In her upcoming exhibit at Ambach & Rice, artist Ellen Lesperance intently and painstakingly reconstructs the sweaters of feminism’s heroines. Hand drawn and hand knit, the installation serves to attach these women’s politcal ideals and activism to their personal identity. Lesperance lovingly presents the objects nearly as if they were relics. Indeed, throughout the exhibit Lesperance alludes to ancient heroines in connection with these modern ones. In that light, the sweaters become a sort of “soft armor” in a struggle that extends from ancient female warriors to today’s feminist activists. Appropriately, the title of Lesperance’s exhibit is It’s Never Over.
“We’re a bunch of anonymous females who take the names of dead women artists as pseudonyms and appear in public wearing gorilla masks. We have produced posters, stickers, books, printed projects, and actions that expose sexism and racism in politics, the art world, film and the culture at large. We use humor to convey information, provoke discussion, and show that feminists can be funny. We wear gorilla masks to focus on the issues rather than our personalities. Dubbing ourselves the conscience of culture, we declare ourselves feminist counterparts to the mostly male tradition of anonymous do-gooders like Robin Hood, Batman, and the Lone Ranger. “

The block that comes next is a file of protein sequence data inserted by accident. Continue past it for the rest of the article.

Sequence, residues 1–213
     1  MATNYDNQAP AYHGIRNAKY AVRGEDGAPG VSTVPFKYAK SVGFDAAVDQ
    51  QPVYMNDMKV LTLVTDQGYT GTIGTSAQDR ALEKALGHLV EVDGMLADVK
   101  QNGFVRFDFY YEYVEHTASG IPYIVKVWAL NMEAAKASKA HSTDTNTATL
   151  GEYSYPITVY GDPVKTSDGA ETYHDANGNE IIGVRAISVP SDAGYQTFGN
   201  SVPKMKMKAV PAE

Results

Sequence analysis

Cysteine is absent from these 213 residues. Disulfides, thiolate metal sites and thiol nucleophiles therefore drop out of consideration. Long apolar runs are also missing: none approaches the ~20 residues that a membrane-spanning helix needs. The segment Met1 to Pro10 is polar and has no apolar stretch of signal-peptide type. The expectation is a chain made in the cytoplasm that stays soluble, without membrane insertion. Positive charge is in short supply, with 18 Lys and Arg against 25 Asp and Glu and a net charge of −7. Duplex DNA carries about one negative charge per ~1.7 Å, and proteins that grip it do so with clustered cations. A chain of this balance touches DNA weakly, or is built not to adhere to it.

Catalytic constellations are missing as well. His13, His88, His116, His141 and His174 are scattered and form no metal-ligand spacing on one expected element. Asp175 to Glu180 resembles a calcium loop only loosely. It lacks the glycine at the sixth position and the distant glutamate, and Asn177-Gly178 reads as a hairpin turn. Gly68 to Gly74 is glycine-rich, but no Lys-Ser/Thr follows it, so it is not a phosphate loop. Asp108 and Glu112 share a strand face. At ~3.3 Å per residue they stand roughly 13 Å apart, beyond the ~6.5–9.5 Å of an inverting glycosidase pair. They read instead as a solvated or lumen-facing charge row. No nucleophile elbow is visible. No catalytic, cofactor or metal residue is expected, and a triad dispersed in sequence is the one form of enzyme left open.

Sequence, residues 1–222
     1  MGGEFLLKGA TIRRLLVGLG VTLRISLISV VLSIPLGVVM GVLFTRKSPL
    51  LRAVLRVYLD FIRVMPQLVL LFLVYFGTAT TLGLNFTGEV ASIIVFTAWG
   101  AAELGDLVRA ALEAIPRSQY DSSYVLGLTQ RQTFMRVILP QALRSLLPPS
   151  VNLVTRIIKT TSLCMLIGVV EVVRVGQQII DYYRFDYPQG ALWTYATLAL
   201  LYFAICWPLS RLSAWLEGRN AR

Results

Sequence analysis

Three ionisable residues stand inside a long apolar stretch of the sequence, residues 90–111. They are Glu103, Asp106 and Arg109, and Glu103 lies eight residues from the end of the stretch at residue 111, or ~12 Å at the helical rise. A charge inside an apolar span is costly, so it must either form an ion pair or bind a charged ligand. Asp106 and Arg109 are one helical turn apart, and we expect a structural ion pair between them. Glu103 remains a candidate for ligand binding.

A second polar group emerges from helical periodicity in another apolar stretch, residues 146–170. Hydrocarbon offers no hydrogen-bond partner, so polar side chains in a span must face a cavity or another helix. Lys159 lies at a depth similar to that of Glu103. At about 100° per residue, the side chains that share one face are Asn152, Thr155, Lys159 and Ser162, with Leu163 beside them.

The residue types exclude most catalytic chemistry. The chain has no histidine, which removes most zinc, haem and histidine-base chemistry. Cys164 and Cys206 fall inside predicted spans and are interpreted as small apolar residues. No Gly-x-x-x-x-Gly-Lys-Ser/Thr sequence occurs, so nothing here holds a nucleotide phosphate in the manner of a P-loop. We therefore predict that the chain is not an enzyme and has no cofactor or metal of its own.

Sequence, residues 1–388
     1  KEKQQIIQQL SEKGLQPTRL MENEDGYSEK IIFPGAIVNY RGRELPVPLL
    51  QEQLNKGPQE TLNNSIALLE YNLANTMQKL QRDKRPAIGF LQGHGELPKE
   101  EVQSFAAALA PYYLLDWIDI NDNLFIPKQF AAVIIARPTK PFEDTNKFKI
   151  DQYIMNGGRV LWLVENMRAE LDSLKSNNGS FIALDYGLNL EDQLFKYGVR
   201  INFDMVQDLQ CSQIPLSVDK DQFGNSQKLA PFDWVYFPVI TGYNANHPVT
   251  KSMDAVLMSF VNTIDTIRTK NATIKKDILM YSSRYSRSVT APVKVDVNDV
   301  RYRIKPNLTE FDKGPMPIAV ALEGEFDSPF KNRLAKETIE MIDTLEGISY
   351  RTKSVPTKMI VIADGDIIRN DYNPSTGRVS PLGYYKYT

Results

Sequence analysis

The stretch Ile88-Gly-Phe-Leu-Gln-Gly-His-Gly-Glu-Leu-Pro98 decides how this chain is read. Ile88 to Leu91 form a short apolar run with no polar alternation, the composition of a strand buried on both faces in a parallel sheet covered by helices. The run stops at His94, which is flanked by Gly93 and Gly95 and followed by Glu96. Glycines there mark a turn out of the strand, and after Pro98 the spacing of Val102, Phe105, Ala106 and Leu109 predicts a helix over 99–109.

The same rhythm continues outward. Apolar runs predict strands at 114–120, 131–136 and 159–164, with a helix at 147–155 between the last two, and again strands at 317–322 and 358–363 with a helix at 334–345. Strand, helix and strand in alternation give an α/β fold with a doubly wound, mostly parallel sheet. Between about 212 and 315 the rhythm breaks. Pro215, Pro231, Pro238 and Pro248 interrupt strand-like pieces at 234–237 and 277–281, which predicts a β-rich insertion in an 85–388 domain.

Through his series, “The Birth of Feminism,” Daniel Almeroth shows the symbolic events that occurred before and after this political movement. In each piece he is trying to portray the way women were controlled by men through many different aspects of society and the path women of this time took to gain equality among men. I really enjoy his use of colors for this subject matter. The color palette is unexpected and I feel he could have taken a much different approach to such a serious political movement in our history, but I love the path he chose to take for this series.